Two-D or not 2-D, that is the question.
Since the advent of Pixar and "Toy Story" in 1995, many fans of traditional cartoons have migrated to computer-generated fare. Some, however, remain faithful to old-fashioned two-dimensional cartoons, preferring their artistry and graphic power.
Chief among the practitioners of traditional cartooning has been Craig McCracken, maker of the Emmy-winning Cartoon Network series "The Powerpuff Girls" and "Fos ter's Home for Imaginary Friends." He also worked on the gorgeously produced series "Dexter's Labo ratory," created by Genndy Tartakovsky, also for Cartoon Network.
Making its debut is McCracken's latest creation, "Wander Over Yonder" (9 p.m., Disney, TV-Y7). It's in-
teresting that it appears on Disney. I've always considered most Cartoon Network fare to be a tad edgier than Disney and usually a knowing, retro send-up of mainstream kids' entertainment, not unlike the way old Warner Bros. and Looney Toons cartoons were aimed at theatergoers a little too hip (or was it "hep"?) for Uncle Walt's fairy tales.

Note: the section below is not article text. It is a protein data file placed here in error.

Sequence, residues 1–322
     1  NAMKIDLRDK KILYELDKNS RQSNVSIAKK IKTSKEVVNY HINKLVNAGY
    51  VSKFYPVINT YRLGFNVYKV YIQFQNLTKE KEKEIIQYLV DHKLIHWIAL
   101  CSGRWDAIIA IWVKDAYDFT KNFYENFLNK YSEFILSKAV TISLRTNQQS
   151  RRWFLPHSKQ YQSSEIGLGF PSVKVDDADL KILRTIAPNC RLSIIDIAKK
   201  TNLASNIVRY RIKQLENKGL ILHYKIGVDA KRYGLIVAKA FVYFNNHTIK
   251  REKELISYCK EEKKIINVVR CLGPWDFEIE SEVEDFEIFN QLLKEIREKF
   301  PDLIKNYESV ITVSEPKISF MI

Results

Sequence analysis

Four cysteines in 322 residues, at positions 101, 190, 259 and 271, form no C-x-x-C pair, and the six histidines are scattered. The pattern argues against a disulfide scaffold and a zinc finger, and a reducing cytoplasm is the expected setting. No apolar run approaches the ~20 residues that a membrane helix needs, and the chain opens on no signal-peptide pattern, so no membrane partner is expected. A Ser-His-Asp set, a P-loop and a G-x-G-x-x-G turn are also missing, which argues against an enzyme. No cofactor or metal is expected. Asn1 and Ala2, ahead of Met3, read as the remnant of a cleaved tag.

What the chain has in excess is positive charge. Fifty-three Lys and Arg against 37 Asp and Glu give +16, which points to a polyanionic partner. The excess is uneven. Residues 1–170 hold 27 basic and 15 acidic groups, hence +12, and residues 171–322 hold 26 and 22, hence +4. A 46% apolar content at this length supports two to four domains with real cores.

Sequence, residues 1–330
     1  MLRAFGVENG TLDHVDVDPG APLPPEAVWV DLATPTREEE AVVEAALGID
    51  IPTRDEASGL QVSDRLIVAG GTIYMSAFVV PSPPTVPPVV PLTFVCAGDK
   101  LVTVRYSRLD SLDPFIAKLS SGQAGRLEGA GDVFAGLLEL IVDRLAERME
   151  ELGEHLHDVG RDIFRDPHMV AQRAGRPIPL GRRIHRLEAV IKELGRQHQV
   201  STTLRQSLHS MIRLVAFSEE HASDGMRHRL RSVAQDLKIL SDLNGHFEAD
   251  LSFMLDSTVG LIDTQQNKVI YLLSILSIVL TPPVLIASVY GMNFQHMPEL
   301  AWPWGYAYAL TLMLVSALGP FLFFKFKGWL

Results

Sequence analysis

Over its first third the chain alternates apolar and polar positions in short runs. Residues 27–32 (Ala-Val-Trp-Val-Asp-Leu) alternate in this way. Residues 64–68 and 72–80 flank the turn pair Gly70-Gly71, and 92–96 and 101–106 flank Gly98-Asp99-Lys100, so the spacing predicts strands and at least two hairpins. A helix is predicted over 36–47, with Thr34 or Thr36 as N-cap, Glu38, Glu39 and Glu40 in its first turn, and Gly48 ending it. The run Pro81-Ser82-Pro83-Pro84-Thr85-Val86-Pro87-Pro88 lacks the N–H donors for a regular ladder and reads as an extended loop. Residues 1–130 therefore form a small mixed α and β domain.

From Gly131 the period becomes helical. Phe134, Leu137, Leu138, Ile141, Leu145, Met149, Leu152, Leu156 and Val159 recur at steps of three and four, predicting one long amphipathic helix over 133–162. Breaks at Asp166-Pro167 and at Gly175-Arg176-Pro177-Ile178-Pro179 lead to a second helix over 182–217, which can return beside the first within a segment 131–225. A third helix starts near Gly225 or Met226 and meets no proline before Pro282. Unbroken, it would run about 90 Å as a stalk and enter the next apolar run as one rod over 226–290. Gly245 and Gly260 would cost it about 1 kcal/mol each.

Perhaps, with the rise of Cartoon Network programs such as "Adventure Time" and "Regular Show," with their accent on low-key absurdity and minimalist psychedelia, it's McCracken and his emphasis on powerful graphics that have become the throwback. As with Tartakovsky's work, watching a McCracken cartoon is a bit like getting a history lesson in commercial animation. Every time you look you can see a Warner Bros. reference here and a touch of Hanna-Barbera there. It's always a thoughtful eyeful.
"Wander" involves a simplistic hillbilly character, voiced by Jack McBrayer ("30 Rock"), who continually frustrates the evil schemes of powerful intergalactic dictator Lord Hater (Keith Ferguson). Not unlike Mojo Jojo of "Power puff" fame, Hater is self-absorbed, pretentious, verbose and absurd. He's first seen invading and destroying a pastel-colored planet of lovable little amorphous creatures, given to frequent hugs and kisses. As in "Powerpuff," this cartoon juxtaposes scenes of kindergarten innocence with images of unspeakable evil and malevolent mayhem. It's as if a horde of rapacious bikers savaged a "My Little Pony" universe. The results are always startling, strange, anarchic and amusing.
McBrayer's main character channels every foolhardy simpleton ever created. He's simply too naive or obtuse to see the evil around him, yet he frustrates it at every turn. Gorgeous to look at, "Wander" is loud and manic in the extreme. It seems, or rather sounds, very much like an early Saturday morning cartoon, something the kids might watch while the parents sleep in, preferably in a soundproof room.
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Kevin McDonough can be reached at email@example.com.